BMW Motorrad has been working on electric motorcycles and scooters for quite some time. Now the German premium two-wheeler major has revealed patent images of its upcoming electric motorcycle. The images reveal that the next BMW electric motorcycle could be the industry-first motorcycle with a driveshaft.
(Also Read: List of bikes Royal Enfield is likely to launch in FY22)
BMW’s love affair with driveshaft motorcycles is nothing new. But the electric two-wheeler industry has been shying away from using that in their products. However, BMW seems to be ready to use a driveshaft in its upcoming electric bike.
The patent drawings indicate the driveshaft would allow the manufacturer freedom in motor placement and gear reduction options too. The drawings show a planetary gear system. This would allow BMW to use a high-speed and high-efficiency electric motor.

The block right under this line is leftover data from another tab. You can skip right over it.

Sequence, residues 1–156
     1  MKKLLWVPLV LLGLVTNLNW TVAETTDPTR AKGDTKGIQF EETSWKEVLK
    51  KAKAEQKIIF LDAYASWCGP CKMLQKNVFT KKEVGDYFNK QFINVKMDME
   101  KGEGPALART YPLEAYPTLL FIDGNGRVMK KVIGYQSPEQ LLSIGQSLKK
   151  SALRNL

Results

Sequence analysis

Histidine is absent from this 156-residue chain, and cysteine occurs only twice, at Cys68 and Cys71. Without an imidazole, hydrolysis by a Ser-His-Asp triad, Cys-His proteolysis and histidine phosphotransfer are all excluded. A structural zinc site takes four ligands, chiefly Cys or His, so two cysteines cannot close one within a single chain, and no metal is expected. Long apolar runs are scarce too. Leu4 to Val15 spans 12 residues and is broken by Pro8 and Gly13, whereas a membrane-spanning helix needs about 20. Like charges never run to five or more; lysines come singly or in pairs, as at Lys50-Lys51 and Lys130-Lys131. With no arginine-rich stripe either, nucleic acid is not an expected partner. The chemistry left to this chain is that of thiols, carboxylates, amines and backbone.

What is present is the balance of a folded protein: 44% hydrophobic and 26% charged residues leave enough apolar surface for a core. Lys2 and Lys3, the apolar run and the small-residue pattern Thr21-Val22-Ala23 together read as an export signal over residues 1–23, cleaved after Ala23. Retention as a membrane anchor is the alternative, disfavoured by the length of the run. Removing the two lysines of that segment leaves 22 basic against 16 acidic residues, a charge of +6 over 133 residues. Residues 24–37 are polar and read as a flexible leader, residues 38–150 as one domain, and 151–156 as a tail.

With the arrival of electric motorcycles and battery-driven powertrain, the auto industry has become free from conventional designs required for fossil-fuel-powered vehicles. The chunky internal combustion engine is gone, so is the bulky fuel tank. The electric vehicle manufacturers can utilise that space differently.
This design strategy doesn’t vary from one manufacturer to another. The majority of design innovations for the electric two-wheelers have been made for battery designs and placements. Except for the Harley-Davidson Livewire, electric motors in the majority of electric two-wheelers are positioned transversely. This strategy allows the manufacturers to go with a simple and easy method to connect the electric motor to the rear wheel. A few electric two-wheeler manufacturers have opted for gear reductions, while some others use direct drive system.
But BMW is walking a different path. It has explored driveshaft designs for electric motorcycle concept like Vision DC Roadster. Now it seems the design might be introduced in a production model as well. A driveshaft would allow BMW to explore many other innovative design solutions that would be seen in future models.